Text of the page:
Manila1945: The UST Standoff

When the Japanese occupied Manila in January 1942, they took control of the then-newly established campus of University of Santo Tomas in the city’s Sampaloc district. With such a large tract of property and the large structures there that were already standing by that time, notably the UST Main Building and the old Education Building, (now occupied by the UST Hospital) the Japanese decided to convert the campus into an the Santo Tomas Internment Camp.

the open area at the UST Main Building was filled with makeshift shelters made by the internees (from Wikipedia)

The Japanese rounded up about 4,000 foreign individuals, mostly American and British nationals who were deemed as “hostile aliens” by the Japanese and isolated them in the different buildings in the campus, most notably the Main Building. With that, the Santo Tomas Internment Camp was the largest internment camp the Japanese set up during the war; the internees organized themselves as an effort to make do of the situation. At first, the internment wards gave the prisoners some relative freedom so visitors could come and give them needed goods, not to mention some intelligence information, along the way.  But as the tide of war was turning against Japan, the prisoners were given harsher treatment which was coupled by a shortening food supply which has resulted into malnourishment, if not death, among the internees. Such were the state of things as February 1945 entered. Continue reading


Manila’s Pontifical and Royal campus (Part 8: inside the Main Building)

These days, the University of Santo Tomas’s Main Building stands tall and proud in front of the wide Plaza Mayor which sits in between the building and the Benavides Monument. A former street and parking place, it was converted into an open space that is being used from time to time during campus events. With the Main Building as the background, any event there undoubtedly gives one a true Thomasian vibe to it.


But apart from serving as backdrop as the administrative seat of the University, the Main Building also serves as the academic home of the university’s Faculty of Civil Law, College of Science, and the Faculty of Pharmacy. Continue reading


Rizal, Santo Tomas, and Sampaloc

As you may have noticed these past few entries, we have devoted space in this blog on the University of Santo Tomas campus. But on the occasion of the 150th birth anniversary of the Philippines’ National Hero, Jose Rizal, allow me to take a little diversion of this trip to talk about this school’s “relationship” with our hero.

a photo of Rizal in his late teens, possibly around the time he was a UST student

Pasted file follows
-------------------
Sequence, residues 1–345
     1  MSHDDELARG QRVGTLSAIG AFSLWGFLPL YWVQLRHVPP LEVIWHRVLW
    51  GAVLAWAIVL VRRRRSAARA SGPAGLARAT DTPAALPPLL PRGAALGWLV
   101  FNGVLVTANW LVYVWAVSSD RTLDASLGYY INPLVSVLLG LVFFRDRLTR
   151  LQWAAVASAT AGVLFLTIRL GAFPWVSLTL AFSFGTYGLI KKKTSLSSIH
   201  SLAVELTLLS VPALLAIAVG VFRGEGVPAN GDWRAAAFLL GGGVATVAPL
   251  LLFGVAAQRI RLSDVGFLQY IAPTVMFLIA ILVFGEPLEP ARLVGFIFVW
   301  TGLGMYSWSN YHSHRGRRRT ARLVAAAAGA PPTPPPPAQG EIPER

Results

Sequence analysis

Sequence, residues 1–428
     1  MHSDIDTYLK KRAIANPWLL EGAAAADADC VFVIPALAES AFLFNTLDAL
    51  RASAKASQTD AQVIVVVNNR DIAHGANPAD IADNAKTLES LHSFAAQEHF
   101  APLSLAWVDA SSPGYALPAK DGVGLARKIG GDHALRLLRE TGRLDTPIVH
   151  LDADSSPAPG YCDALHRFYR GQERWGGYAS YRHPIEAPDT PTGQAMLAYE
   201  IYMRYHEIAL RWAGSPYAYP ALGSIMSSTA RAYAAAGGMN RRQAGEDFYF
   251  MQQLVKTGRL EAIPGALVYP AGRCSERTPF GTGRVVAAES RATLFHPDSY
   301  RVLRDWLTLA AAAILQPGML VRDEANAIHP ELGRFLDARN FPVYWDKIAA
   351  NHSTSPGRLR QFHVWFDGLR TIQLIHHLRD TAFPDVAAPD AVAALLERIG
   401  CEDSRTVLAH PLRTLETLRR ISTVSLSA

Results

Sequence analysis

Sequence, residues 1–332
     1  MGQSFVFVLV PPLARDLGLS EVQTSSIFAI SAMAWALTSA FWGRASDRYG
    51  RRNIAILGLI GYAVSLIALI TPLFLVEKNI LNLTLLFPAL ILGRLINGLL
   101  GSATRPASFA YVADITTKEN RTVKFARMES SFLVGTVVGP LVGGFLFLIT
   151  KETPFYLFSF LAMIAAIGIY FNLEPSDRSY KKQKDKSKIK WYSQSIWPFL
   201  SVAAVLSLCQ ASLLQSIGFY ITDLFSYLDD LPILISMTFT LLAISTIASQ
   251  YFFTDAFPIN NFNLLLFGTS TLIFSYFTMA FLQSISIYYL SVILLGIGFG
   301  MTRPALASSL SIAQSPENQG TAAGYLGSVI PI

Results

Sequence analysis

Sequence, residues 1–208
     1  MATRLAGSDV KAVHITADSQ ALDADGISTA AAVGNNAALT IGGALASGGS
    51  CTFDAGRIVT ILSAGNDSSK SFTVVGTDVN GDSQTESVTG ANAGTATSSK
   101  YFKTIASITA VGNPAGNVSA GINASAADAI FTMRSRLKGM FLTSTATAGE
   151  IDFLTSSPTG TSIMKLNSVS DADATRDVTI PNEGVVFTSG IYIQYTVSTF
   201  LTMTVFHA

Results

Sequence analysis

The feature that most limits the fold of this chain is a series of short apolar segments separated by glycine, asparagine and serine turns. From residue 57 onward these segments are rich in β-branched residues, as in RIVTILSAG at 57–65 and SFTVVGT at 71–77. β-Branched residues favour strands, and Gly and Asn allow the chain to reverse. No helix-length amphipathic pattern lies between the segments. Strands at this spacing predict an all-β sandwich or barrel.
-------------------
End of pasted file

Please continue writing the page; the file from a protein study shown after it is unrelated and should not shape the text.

To anyone with some knowledge of Rizal’s biography, it is a well-known fact that Rizal entered University of Santo Tomas in 1877 and managed to get a degree in Philosophy and Letters two years later. He then proceeding to medicine, ophthalmology to be precise, for the next 2 years before going to Spain to finish medicine and get his degree. Continue reading


Manila’s Pontifical and Royal campus (Part 6)


Being the country’s oldest university, it should not be a surprise that the University of Santo Tomas holds a significant number of titles in its library. In fact, UST’s book collection dates back to as far as before the founding of the university, when these books were first owned by Dominicans, (who among them was the university’s founder himself Miguel de Benavides) who donated their book collections for the establishment of what is now UST. As was mentioned previously, UST was first founded as a school for theology, philosophy, and law; most of these old books dealt with those particular subjects.



Over the years and centuries, UST library collection got accumulated as its older items became more valuable. I don’t know if there have been any books that have been lost or damaged throughout that time, but it’s good to know much of its old collection has remained intact and well-preserved, unaffected by war and its move from the old campus at the Walled City to the new one at the Main Building at the wider Sampaloc campus. Continue reading


Manila’s Pontifical and Royal Campus (Part 5, a center for faith and thought)


By the 1930’s as the University of Santo Tomas began to settle itself comfortably at its new home in Sampaloc, plans and works were under way for the expansion of what was then just a one-building complex in the middle of what was then a vast tract of land that was its campus. One of the buildings being planned was one that would serve as the University church and residence as well: of the Dominican priests who are assigned there and the seminarians learning to become Dominican priests themselves. Continue reading